By making a mediator’s proposal as a last resort to avoid impasse, the mediator can overcome the posturing that negotiators often use in an attempt to settle on therms that are better than their worst-case alternative to litigation.

Because each party knows that, if it accepts the mediator’s proposal, the mediator will not reveal its acceptance to the other party also accepts the proposal, there is no downside in accepting yhe proposal as long as it is at least somewhat better than its worst case alternative to litigation.

One definition of a good settlement is when both parties are equally unhappy. Agreeing to a less than ideal settlement may be better than the uncertain or role the dice litigation or arbitration alternative.

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Avv. Teresa Rullo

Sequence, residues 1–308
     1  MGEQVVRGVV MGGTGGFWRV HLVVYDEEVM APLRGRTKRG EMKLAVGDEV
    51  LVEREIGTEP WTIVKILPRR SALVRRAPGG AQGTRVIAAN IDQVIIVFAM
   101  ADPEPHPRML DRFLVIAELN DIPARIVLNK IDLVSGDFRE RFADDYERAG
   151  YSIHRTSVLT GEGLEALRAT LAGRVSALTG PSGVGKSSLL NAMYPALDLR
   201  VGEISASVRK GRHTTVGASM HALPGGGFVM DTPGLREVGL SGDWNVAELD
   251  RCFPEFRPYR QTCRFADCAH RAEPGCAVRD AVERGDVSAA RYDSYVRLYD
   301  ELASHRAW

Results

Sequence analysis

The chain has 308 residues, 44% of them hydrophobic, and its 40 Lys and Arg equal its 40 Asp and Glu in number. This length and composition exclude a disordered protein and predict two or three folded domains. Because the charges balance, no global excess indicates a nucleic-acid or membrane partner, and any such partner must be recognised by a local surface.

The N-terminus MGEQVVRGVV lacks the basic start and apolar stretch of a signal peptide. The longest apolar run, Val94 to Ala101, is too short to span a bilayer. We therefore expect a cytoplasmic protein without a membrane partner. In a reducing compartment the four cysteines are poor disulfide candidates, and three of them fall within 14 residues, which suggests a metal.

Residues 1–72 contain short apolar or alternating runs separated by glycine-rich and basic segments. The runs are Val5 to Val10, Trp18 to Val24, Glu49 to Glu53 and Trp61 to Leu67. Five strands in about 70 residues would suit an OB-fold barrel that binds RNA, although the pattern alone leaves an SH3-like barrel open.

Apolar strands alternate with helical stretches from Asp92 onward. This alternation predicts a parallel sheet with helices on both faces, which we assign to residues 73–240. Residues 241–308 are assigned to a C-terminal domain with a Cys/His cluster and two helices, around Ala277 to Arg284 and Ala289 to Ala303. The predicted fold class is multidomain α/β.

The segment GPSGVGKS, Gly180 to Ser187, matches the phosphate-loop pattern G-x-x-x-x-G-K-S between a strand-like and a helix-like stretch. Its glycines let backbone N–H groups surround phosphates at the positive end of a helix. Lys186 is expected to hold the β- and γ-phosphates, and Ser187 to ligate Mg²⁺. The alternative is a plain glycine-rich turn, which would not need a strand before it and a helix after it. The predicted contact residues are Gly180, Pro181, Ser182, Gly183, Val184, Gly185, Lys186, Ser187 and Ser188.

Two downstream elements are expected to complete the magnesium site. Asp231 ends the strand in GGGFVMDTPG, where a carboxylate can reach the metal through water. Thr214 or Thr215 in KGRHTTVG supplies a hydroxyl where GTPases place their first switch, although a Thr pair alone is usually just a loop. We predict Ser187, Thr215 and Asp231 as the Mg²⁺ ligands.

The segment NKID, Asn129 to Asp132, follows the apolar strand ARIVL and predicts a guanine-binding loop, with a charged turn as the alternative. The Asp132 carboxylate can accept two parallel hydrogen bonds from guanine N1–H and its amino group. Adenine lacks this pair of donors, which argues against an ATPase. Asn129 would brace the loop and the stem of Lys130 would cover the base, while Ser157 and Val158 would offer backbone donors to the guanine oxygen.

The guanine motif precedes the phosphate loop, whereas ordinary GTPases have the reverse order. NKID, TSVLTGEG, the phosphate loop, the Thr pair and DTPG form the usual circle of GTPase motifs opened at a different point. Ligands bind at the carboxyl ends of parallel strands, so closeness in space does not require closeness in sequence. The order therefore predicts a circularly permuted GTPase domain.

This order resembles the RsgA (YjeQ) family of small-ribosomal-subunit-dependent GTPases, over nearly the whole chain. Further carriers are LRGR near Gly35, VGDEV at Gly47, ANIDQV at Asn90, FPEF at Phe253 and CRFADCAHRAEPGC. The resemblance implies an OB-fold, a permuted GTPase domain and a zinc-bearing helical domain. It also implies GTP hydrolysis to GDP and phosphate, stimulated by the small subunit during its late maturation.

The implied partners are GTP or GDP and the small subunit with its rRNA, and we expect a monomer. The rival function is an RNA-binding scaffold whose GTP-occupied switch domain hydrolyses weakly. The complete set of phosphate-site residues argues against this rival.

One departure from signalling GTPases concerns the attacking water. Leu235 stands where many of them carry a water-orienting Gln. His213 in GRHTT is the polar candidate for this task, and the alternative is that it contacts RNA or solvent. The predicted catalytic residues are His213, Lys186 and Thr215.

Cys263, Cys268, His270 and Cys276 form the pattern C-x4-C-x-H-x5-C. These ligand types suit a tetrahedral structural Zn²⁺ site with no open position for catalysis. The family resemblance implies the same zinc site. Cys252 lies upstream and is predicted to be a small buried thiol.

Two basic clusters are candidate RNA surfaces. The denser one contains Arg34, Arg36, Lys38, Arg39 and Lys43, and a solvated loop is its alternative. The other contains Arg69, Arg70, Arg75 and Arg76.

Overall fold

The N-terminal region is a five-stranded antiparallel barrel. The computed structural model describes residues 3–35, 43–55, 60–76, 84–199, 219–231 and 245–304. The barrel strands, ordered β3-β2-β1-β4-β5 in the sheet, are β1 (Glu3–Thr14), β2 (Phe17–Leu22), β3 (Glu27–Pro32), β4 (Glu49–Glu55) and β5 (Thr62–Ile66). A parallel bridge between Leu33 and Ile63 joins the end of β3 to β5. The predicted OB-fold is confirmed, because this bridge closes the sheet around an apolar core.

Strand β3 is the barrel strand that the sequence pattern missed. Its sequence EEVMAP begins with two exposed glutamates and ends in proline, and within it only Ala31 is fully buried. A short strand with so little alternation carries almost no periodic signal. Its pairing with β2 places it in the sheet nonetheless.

Iscritta all'albo degli Avvocati da febbraio 2016. Laureata in giurisprudenza nel marzo 2012 presso l'Università degli Studi di Napoli Federico II, discutendo una tesi in diritto amministrativo dal titolo "La Conferenza dei Servizi", relatore Prof. Fiorenzo Liguori. Subito dopo la laurea, nel 2012, ha iniziato la pratica forense presso uno studio legale specializzato in diritto civile. Nel dicembre 2013 ha iniziato a collaborare con un altro studio legale multidisciplinare di medie dimensioni occupandosi, prevalentemente, del contenzioso civile. negli anni 2015 e 2016 ha seguito il Corso di Perfezionamento in Alti Studi Politici presso l'Università Suor Orsola Benincasa di Napoli, conseguendo l'attestato finale. Attualmente svolge autonomamente la professione di Avvocato e collabora saltuariamente con uno studio legale operante sia nel settore civile che penale.